The eighth report in the Inspection Panel’s Emerging Lessons Series consists of two volumes.

Volume 1 focuses on Panel investigations of land administration and management projects, and explores some of the challenges of land tenure security, regularization, and titling and discusses the importance of assessing the context in which such activities are undertaken, and the challenges of stakeholder engagement associated with them. Cases from Honduras, Panama, Cambodia, and Kenya are presented.

Volume 2 focuses on resource property rights in forested areas and discusses relevant aspects of Panel investigations, which illustrate the need to assess adequately both the community forest property rights and the value of associated provisioning ecosystem services. Cases from Cambodia, the Democratic Republic of Congo, and Papua New Guinea are presented.

The cases presented in these two volumes provide useful insights, illustrate the interdisciplinary nature and the complexity of land-related development projects, and highlight the extra care that must be paid to the broader environmental and social risks.


CAO evaluation of dispute resolution and assessment processes

CAO DR Report

In 2020, an independent external review, commissioned by the IFC and MIGA Boards of Executive Directors, evaluated IFC/MIGA’s environmental and social accountability, including CAO’s role. Key recommendations from this External Review included assessments of CAO’s assessment and dispute resolution processes. This commissioned report from Concentric Alliance, completed in 2023, focuses on facilitating access to remedy; factors that determine whether a complaint transfers to dispute resolution or compliance review; the complexity of dispute resolution processes; factors contributing to case closures without settlements; and the overall success of dispute resolution processes.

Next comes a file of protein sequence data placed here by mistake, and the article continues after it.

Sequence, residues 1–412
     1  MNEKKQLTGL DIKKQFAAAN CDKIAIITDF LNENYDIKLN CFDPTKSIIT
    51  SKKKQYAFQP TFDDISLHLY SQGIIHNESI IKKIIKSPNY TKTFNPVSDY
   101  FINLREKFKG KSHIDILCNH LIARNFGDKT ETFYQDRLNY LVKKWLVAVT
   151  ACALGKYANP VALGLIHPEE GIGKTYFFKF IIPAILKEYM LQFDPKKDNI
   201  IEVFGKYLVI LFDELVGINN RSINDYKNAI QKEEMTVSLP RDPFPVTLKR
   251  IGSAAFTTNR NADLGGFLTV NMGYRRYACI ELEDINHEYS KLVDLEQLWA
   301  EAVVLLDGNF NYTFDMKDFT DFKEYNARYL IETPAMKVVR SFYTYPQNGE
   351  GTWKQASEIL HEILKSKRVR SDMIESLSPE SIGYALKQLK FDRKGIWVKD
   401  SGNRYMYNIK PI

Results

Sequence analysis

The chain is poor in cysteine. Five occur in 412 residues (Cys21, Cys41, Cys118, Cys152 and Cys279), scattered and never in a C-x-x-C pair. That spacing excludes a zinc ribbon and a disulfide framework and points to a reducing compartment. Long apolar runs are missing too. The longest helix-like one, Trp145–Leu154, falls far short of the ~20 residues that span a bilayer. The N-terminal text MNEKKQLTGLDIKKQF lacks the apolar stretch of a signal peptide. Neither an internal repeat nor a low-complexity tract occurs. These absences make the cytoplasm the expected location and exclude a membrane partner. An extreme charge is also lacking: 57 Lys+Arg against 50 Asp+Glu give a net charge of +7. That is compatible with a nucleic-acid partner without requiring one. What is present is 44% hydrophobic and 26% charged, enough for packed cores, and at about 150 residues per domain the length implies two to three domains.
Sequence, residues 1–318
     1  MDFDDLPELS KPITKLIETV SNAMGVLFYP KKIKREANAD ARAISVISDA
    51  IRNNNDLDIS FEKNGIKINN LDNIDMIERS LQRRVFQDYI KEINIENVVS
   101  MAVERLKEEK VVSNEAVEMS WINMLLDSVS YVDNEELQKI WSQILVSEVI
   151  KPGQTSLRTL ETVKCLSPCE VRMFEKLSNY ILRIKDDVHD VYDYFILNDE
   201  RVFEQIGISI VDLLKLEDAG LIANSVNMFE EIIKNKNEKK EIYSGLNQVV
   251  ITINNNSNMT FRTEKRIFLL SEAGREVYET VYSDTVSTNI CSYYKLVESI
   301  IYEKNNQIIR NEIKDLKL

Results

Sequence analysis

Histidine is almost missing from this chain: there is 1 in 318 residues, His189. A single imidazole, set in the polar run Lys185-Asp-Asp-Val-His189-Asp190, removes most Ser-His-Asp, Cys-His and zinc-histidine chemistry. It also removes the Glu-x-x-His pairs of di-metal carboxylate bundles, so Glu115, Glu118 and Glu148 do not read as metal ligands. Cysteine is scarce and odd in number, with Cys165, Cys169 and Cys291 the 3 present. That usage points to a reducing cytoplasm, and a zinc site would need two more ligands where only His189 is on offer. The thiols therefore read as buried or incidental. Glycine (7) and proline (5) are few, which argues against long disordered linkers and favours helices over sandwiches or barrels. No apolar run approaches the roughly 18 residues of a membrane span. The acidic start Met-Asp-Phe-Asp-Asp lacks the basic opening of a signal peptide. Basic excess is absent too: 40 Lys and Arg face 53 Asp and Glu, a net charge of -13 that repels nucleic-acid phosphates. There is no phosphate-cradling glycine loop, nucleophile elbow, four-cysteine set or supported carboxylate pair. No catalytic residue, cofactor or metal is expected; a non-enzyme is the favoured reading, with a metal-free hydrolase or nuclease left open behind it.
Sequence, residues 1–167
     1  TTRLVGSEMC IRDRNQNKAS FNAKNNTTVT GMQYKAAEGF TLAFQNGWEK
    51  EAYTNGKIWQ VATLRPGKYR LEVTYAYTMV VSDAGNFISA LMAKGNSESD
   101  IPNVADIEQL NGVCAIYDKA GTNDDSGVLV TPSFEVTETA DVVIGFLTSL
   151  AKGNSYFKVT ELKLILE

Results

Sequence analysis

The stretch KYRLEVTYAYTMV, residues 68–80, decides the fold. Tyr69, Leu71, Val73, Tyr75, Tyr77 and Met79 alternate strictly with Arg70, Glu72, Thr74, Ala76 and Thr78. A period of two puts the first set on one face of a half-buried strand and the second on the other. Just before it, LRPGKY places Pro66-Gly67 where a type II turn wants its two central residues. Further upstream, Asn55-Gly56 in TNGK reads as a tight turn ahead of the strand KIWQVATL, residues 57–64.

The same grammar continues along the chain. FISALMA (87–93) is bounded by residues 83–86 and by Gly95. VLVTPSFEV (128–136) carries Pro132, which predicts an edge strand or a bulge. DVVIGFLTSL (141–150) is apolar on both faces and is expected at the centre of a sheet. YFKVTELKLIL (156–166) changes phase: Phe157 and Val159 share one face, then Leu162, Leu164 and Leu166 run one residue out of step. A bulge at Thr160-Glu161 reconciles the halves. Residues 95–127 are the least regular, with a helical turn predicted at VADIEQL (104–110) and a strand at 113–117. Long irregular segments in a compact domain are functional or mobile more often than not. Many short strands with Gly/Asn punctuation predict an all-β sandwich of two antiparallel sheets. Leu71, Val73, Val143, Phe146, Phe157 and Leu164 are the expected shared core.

The evaluation also generated recommendations addressing assessment, dispute resolution, CAO capacity, IFC/MIGA’s role, and collaboration with other independent accountability mechanisms. For instance, the authors recommend that complexity assessments become part of the CAO assessment process so as to obtain a better sense of the resources required for a given case. CAO is encouraged to strengthen its dispute resolution processes with regard to proactive case management, regular review, monitoring, communications, and documentation. Increased engagement and alignment between CAO and internal and external stakeholders, including other independent accountability mechanisms, is also recommended.


The remedy gap: lessons from CAO compliance and beyond

CAO Remedy

This CAO Advisory Note is part of a series that seeks to inform IFC and MIGA’s approach to remedial action to address potential or actual harm that may unintentionally arise in the development process. Drawing from CAO’s casework, this note explores the “remedy gap” that occurs when harm to people arising from the adverse impacts of IFC/MIGA projects is not remedied through the actions of IFC/MIGA or their clients. This may happen despite the commitments of the former to adhere to their environmental and social policy frameworks, and despite complainants attempting dispute resolution or undergoing a lengthy compliance process that may uphold their complaints. The note highlights contributing factors and presents findings and recommendations to help IFC and MIGA close remedy gaps.